My Granddaddy, Corporal C.A. Edmunds avoided the American cemetery at Flanders Fields, though several of his squadron are buried there. It was almost wiped out during one of the final Allied offenses against the Germans. It was in the Battle of Argonne Forest that he was Purple-Hearted in approximately the Forrest Gump area of his lower torso--"only a flesh wound." Not only did he survive the War To End All Wars, he was one of a handful of WWI vets alive when he died just a few months shy of 100. In fact, he became the veteran's veteran: as head of his county's draft-board for many years, during WWII and beyond, he was responsible for manufacturing them.
But who could have predicted that next war? Surely not my grandfather, ready to limp back to his Georgia farmstead. After all the obvious carnage that the new modern mode of warfare could produce--killing and maiming and warping a whole generation ... surely the Great Powers would have learned something from the "Great War." (To see how la plus ca change ... please refer to DM #127-129, the "Dulce et Decorum" series, where WWI France could double for today's Afghanistan.) They did, and didn't.
Germany, for one, never really accepted defeat. They didn't have to, technically. The war ended in an armistice = a cease-fire, a truce, a stand-off, if you will. Not a formal surrender--though the harsh terms imposed on the Germans, treaty-wise at Versailles, would make it appear so. Not surprisingly, what the allies celebrated subsequently and variously as our Armistice Day, Le Jour de l'Armistice in France and Belgium, and Remembrance Day in the British Commonwealth, was NOT and never-ever would be observed as such in Germany. For them, Nov. 11th became a memorial all right, but not for peace. The annual Volkstrauertag (trauer = "mourning") is for their fallen warriors, heroically dead on the losing side. Could just as well be called Valkyrie Day. Point is ... they never gave up. And thus the sequel to The War To End All Wars was less than one generation away.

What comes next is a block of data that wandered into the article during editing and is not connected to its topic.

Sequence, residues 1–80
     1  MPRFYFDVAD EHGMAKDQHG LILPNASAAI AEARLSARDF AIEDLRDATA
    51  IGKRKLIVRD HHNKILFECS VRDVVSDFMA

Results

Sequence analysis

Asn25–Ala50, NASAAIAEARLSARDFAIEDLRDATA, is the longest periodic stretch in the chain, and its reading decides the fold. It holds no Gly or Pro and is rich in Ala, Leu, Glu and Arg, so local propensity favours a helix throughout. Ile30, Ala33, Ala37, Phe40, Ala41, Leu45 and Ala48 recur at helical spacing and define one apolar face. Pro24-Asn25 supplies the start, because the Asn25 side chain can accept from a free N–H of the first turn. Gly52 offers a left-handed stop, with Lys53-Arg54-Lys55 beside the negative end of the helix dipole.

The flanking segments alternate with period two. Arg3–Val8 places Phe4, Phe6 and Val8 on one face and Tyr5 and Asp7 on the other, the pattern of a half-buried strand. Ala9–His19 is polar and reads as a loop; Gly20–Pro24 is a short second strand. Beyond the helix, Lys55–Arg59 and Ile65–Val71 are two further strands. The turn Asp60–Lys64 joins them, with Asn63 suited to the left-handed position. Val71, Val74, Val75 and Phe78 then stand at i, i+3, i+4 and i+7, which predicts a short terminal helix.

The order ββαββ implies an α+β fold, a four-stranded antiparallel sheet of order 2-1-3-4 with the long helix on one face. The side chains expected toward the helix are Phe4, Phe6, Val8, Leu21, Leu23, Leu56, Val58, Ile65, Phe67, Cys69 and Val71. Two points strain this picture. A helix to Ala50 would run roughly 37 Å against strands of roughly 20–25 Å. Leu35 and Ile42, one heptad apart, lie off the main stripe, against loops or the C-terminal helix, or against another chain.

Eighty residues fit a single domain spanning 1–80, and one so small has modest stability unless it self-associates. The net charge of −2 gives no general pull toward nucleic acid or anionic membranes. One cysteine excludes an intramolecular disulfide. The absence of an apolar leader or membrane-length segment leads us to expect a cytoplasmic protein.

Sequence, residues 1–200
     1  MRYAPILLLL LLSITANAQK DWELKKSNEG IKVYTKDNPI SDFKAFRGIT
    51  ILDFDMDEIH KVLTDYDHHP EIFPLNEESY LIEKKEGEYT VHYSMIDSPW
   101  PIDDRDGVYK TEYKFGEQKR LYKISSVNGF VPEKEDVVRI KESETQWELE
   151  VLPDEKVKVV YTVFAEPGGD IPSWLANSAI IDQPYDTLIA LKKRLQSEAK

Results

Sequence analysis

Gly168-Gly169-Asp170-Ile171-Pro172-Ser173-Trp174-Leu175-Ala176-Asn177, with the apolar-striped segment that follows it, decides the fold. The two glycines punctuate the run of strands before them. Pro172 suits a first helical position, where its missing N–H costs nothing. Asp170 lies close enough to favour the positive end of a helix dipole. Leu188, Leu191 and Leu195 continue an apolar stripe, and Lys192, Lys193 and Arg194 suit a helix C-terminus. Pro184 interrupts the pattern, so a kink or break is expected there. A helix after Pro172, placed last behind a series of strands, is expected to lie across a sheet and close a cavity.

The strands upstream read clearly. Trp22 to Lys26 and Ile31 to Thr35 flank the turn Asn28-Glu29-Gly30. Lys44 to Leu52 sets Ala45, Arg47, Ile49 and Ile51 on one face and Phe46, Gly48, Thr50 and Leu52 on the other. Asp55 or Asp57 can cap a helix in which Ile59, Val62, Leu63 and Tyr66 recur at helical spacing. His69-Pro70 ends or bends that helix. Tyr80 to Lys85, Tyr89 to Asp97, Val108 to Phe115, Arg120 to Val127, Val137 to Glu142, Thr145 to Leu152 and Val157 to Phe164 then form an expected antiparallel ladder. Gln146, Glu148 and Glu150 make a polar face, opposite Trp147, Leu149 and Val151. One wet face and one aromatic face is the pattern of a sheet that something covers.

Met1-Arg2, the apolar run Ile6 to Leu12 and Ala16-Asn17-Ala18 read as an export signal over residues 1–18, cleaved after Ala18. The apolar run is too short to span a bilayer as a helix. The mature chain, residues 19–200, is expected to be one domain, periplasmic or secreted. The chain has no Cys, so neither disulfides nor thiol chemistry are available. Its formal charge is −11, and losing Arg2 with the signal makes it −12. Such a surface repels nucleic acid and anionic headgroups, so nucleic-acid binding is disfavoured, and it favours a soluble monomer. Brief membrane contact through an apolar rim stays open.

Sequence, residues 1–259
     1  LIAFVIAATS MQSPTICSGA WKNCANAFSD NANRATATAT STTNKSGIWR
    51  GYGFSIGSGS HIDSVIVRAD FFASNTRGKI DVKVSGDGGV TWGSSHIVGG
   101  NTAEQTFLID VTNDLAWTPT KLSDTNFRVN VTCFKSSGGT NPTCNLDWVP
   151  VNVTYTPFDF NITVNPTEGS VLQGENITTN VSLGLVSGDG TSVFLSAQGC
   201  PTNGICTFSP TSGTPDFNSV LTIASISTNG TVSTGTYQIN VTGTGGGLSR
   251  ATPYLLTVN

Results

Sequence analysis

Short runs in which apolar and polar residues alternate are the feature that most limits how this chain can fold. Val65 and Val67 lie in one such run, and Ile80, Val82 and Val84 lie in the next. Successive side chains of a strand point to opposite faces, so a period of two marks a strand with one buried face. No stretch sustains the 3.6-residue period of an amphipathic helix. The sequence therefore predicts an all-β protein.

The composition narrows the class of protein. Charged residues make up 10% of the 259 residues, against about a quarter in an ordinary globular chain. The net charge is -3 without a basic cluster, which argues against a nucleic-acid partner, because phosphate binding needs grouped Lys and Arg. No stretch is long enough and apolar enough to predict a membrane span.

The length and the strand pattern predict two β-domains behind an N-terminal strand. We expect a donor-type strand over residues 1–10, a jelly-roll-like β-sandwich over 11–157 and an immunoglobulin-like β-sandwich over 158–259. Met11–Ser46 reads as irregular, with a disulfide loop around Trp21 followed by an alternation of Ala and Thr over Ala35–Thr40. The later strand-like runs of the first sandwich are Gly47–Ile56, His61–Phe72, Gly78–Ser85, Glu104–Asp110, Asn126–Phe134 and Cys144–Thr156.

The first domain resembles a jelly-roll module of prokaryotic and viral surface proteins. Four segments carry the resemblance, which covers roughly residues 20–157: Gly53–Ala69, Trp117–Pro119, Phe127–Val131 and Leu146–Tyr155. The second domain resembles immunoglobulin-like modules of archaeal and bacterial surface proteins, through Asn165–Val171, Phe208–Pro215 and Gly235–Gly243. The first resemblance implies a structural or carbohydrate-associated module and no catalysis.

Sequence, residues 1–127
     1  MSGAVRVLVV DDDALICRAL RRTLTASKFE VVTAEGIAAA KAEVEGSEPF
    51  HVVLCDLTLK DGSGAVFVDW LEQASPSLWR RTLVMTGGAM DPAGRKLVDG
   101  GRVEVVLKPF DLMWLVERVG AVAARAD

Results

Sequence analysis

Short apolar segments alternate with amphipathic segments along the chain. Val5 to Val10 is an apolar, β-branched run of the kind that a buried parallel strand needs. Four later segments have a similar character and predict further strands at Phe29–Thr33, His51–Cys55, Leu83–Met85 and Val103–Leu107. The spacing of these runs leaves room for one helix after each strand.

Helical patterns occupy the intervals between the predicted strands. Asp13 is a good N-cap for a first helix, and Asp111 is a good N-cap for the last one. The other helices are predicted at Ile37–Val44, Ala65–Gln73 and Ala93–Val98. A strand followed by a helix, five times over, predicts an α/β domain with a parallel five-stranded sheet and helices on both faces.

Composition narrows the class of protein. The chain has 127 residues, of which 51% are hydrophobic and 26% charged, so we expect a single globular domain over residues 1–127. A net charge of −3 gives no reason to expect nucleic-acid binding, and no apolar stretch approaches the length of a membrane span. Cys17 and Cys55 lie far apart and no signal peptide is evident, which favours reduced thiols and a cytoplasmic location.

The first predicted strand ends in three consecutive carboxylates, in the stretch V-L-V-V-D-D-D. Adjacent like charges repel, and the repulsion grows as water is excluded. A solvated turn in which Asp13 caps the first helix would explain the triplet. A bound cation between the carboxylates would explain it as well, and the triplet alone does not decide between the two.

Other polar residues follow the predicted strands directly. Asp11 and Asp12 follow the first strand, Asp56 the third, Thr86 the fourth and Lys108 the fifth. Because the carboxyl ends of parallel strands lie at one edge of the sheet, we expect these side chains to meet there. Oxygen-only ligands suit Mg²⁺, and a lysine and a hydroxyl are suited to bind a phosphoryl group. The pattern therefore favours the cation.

The American commanders seemed to have a sense of this in the last days--indeed the final moments--of WWI. I alluded to Monty Python in the first paragraph, and here I'm indebted to one of them, Michael Palin, for providing an interesting sidebar on the events of Nov. 11th,"The Last Day of World War One" (BBC-2008). He hosted (and co-wrote/produced) a documentary so-entitled that was re-run on PBS this Veterans Day. According to the TV-doc, the allied officers in the field, especially our own "Black Jack" Pershing and his minions, were out for German blood right up till that "eleventh hour of the eleventh ... etc." Hostilities were officially to end at 11:00 pm, but everybody on both sides KNEW that the railway-car armistice would have already been signed at 5:00 pm on that day (news spread fast betwixt and across the densely populated trenches). So ... would the allied officers give these long-suffering Tommies and Doughboys a break? Not on your Nellie Duff. During the 6-hour interval, in order to punish the aggressor Kaiser-kampfers to the last possible "detail," the allies launched further offenses along the line, gaining meaningless territory, and senselessly losing more lives. The last to die was a Canadian, at one minute to eleven.
Fortunately ... my grandfather, Corporal C. A. Edmunds, A.E.F., was presumably resting comfortably somewhere behind the lines, nursing his backside. (more)